Spring Hill Teacher Fired After Assigning Questionable Survey to Middle School Students

| April 15, 2017

Hernando County School officials have fired a middle school teacher who assigned students a survey asking their comfort level in dozens of potentially charged hypothetical social situations regarding sexual orientation, race and religion.

The survey was assigned by a newly hired teacher in a class described as “The Leader in Me.”  Karen Jordan, a public information officer for the school district, said the questionnaire was a supplemental assignment left for Fox Chapel Middle School students in the teacher’s absence.

Students have said they expressed concerns about the assignment and asked about taking it home to their parents. It has been reported that the teacher asked students not to show their parents and instead throw the surveys away or return them to the teacher.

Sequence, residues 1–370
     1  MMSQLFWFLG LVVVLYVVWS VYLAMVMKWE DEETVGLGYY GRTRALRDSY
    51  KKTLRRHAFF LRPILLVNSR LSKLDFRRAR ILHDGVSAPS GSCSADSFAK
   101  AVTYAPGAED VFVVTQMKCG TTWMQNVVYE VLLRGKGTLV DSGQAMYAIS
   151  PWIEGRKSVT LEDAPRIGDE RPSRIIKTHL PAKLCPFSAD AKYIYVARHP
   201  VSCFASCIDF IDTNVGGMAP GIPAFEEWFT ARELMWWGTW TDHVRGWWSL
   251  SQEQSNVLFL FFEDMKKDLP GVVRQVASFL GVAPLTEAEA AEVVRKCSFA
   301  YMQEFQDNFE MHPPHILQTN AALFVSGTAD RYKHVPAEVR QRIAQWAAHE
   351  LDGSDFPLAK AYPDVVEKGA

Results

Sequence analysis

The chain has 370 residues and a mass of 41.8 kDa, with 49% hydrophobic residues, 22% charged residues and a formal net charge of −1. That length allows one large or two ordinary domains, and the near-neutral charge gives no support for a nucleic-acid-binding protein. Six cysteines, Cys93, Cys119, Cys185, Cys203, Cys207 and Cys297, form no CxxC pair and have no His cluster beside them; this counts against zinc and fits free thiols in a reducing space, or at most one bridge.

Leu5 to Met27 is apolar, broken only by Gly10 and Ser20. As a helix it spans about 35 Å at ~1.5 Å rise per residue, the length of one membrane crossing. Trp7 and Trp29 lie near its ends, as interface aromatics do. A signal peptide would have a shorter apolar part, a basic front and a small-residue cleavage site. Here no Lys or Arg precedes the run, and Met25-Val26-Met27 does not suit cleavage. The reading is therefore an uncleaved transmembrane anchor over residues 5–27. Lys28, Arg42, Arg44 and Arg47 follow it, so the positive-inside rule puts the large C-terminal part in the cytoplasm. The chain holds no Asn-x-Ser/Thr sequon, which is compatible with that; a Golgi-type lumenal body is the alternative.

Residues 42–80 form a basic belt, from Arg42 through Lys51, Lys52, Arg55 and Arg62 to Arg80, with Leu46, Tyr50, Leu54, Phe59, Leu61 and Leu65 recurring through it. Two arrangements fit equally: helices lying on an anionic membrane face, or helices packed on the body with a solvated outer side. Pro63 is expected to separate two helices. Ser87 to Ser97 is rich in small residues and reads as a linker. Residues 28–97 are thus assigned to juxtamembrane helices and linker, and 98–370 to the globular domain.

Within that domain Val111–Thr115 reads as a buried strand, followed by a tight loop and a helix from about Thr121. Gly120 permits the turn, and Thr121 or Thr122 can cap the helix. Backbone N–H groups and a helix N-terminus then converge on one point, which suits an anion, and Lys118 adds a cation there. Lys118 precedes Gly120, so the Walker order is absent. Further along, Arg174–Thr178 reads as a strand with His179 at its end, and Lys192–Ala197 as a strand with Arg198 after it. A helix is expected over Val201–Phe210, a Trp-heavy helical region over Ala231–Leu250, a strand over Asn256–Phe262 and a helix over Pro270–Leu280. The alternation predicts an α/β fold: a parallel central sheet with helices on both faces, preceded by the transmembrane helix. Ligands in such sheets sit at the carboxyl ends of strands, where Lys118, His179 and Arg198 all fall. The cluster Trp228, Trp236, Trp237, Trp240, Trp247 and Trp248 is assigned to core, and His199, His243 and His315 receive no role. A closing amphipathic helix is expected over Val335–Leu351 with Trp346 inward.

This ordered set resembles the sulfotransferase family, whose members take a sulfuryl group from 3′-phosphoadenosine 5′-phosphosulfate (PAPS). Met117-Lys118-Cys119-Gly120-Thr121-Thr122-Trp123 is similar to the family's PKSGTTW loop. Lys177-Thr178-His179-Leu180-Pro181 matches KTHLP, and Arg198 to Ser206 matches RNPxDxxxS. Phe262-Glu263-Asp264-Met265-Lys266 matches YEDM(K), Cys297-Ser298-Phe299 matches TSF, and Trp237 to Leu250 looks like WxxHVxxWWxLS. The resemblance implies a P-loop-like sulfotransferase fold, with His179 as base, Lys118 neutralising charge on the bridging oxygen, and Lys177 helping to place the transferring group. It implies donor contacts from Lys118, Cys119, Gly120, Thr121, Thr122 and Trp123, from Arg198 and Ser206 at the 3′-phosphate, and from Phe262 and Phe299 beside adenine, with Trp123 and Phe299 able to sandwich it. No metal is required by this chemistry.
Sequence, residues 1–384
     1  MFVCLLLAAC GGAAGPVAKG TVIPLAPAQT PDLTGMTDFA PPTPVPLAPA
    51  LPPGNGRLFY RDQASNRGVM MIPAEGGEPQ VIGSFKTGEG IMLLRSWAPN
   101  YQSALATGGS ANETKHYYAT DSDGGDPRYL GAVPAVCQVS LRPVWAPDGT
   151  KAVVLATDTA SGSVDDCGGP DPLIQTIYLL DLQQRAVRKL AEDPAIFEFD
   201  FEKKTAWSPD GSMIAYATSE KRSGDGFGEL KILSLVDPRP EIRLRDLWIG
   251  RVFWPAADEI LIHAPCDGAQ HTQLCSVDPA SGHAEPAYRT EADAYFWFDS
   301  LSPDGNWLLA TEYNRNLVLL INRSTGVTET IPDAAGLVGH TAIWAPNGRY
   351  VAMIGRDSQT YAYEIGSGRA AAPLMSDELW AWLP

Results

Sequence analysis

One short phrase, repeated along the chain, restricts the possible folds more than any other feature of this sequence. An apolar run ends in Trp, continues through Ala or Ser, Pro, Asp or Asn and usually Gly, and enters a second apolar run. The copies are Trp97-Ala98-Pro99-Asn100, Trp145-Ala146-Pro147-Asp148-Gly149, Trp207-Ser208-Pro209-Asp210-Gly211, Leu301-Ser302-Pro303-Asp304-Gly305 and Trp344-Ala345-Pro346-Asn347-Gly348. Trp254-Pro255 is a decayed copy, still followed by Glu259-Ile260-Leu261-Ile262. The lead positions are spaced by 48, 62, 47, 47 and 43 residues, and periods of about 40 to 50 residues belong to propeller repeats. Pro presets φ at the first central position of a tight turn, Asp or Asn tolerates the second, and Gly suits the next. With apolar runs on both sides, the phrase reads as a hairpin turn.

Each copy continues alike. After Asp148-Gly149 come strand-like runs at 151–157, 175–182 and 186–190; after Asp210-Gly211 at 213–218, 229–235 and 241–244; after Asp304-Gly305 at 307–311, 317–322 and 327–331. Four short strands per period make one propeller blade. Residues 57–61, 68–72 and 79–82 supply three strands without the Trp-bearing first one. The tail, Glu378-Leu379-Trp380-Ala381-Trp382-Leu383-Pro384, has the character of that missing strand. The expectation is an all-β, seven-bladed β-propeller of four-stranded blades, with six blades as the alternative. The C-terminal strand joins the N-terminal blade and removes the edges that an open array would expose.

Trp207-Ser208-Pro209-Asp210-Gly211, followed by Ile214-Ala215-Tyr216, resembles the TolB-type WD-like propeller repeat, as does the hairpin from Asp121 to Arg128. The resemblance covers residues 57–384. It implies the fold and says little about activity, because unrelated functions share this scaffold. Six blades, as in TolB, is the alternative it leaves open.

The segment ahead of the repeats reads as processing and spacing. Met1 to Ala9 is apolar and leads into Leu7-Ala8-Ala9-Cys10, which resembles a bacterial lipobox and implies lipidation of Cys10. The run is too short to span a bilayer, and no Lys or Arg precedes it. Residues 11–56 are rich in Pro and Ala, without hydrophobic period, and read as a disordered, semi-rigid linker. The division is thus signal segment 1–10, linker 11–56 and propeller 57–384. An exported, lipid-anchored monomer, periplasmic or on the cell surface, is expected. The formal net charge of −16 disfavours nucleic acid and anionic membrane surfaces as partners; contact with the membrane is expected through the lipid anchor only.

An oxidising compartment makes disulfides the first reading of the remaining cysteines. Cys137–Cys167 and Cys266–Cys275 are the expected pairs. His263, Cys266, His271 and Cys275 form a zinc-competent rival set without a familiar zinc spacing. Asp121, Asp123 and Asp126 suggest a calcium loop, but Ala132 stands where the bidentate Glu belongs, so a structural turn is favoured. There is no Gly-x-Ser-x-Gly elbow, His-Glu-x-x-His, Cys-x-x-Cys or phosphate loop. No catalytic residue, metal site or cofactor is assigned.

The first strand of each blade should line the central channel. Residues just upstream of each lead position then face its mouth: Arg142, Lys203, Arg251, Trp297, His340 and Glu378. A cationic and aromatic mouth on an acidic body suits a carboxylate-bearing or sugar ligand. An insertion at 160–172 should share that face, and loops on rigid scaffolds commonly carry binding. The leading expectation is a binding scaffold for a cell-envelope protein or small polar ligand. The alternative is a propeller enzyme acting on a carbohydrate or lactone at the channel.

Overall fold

The questionnaire titled “How Comfortable Am I?” included more than three dozen situations. Students were asked to rate their comfort level from 1-4 in each scenario including:

“A friend invites you to go to a gay bar,” “Your mother comes out to you,” “Your new roommate is Jewish,” “Your dentist is HIV positive,” and “A group of young black men is walking toward you on the street.” The questions may have been intended to make the students aware of their biases, but questions referring to “your new roommate” and “A fellow RA,” clearly show that the survey was intended for college students.

The school district did not identify the teacher at fault but did indicate that they had joined the Spring Hill school in January and were still under a probationary period at the time of termination.

The Washington Post reported that “Many of the questions appear to have been lifted from a book titled “Exploring White Privilege” by Robert P. Amico, a philosophy professor at a private and Catholic University in New York. An examination of the previewed pages of the book on Amazon.com revealed that an almost similar survey, with the same rating scale that the teacher gave her students, was included in its Appendix portion.” The author told the Post that the questions he wrote in his book are clearly meant for adults, “or at least, at best college students.”

A spokesman for the school district said: “In no way does that assignment meet the standards of appropriate instructional material.”


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